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Protect
wetlands through land use planning, acquisition and wetland protection laws.
Restore
wetlands to improve wetland health and function and by re-establishing destroyed wetlands.
Explore
wetlands by getting your feet wet and learning about their wonders.

S-10.  

Bark Bay

Back to Eastern Lake Superior

Counties: Bayfield

Photos:

Aerial photo of Bark Bay site. (Eric Epstein)


Site Description

This site includes the Bark Bay Slough State Natural Area.

This large complex of coastal barrier spit, lagoon, springs, and wetlands occupies an embayment between two rocky headlands. The wetlands are extensive and include two major types: coastal fen and coastal bog. The fen dominants are typical of Lake Superior stands (i.e. woolly sedge, twig rush, sweet gale, water horsetail and buckbean). The coastal bog is composed of a mat of sphagnum mosses, ericaceous shrubs, sedges, and scattered small tamarack trees. Both communities are floristically diverse, in excellent condition, and support many rare species that include plants, birds and butterflies. A large lagoon occupies the center of the site and supports submergent and floating-leaved aquatic macrophytes. A forested interior spit parallel to the outer spit breaks the wetlands into two major sections. Communities are similar on both sides of the interior spit but the interior wetlands lack a central lagoon. Other significant features include a narrow strip of dry pine forest on the coastal spit, springs associated with the mouth of the Bark River on the eastern edge of the site, and small stands of tamarack and tall shrubs. The unnamed inlet stream on the west side of the site is bordered by several large clones of the invasive common reed grass.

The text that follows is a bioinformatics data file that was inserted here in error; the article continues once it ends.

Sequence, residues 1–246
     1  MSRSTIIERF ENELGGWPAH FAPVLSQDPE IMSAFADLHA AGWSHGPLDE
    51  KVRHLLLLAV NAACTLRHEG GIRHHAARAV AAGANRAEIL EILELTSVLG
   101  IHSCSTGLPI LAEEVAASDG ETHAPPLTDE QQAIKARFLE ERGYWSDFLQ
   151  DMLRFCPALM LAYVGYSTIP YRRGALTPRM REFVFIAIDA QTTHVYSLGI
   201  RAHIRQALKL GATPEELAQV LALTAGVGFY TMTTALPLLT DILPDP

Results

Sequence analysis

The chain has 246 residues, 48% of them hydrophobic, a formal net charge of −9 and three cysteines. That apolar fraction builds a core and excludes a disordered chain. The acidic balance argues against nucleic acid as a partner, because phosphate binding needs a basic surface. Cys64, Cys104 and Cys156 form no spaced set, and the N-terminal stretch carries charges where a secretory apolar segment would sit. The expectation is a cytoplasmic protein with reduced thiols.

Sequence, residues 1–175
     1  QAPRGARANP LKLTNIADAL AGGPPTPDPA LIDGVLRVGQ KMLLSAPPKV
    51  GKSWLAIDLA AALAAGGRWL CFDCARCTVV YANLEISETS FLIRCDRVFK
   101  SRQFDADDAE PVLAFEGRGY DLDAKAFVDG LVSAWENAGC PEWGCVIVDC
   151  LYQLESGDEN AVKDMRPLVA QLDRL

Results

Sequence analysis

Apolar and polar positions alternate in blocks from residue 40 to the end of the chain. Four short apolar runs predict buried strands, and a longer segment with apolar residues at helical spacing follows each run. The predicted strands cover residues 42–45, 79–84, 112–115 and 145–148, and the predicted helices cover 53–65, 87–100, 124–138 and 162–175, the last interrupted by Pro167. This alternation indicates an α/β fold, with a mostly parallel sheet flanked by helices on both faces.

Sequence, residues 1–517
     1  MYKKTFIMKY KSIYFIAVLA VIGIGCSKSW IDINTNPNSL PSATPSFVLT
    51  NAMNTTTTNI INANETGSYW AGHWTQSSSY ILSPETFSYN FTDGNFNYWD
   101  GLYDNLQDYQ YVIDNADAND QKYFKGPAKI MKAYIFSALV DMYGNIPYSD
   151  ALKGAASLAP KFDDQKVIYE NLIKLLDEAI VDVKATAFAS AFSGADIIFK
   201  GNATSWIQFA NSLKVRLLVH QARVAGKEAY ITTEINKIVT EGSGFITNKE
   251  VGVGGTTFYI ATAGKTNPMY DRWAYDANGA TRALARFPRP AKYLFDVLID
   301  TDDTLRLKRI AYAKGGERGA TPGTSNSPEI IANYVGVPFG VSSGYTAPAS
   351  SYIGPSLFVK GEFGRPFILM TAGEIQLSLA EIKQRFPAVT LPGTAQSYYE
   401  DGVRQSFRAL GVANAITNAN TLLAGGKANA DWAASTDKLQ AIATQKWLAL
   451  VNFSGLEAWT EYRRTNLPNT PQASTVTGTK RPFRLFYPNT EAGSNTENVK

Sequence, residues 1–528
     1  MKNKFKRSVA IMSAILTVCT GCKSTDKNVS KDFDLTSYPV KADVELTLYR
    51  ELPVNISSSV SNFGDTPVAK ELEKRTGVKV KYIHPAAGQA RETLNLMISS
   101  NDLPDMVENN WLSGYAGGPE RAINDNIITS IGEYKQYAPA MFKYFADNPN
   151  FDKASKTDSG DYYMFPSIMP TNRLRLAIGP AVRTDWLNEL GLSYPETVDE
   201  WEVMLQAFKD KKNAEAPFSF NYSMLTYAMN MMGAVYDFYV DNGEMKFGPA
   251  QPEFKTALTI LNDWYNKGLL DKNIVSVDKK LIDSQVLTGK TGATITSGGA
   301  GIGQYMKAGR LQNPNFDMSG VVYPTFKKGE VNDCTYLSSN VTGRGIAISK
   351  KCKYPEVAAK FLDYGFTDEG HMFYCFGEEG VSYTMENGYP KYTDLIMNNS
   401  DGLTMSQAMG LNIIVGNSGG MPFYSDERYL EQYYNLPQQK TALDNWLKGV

Additional Comments

This site is a protection priority as its wetlands are extensive, in excellent condition, and support many rare, uncommon, and representative species. The common reed grass clone should be monitored and controlled, if necessary. A portion of the site is designated as a State Natural Area, but the boundary is not adequate to prevent negative impacts associated with increased development in the area. A broader view of the local watershed and the land uses therein is desirable to assess and better anticipate/address threats and protection needs.


Last revised: Wed, 20 Jun 2012 17:21:11 CDT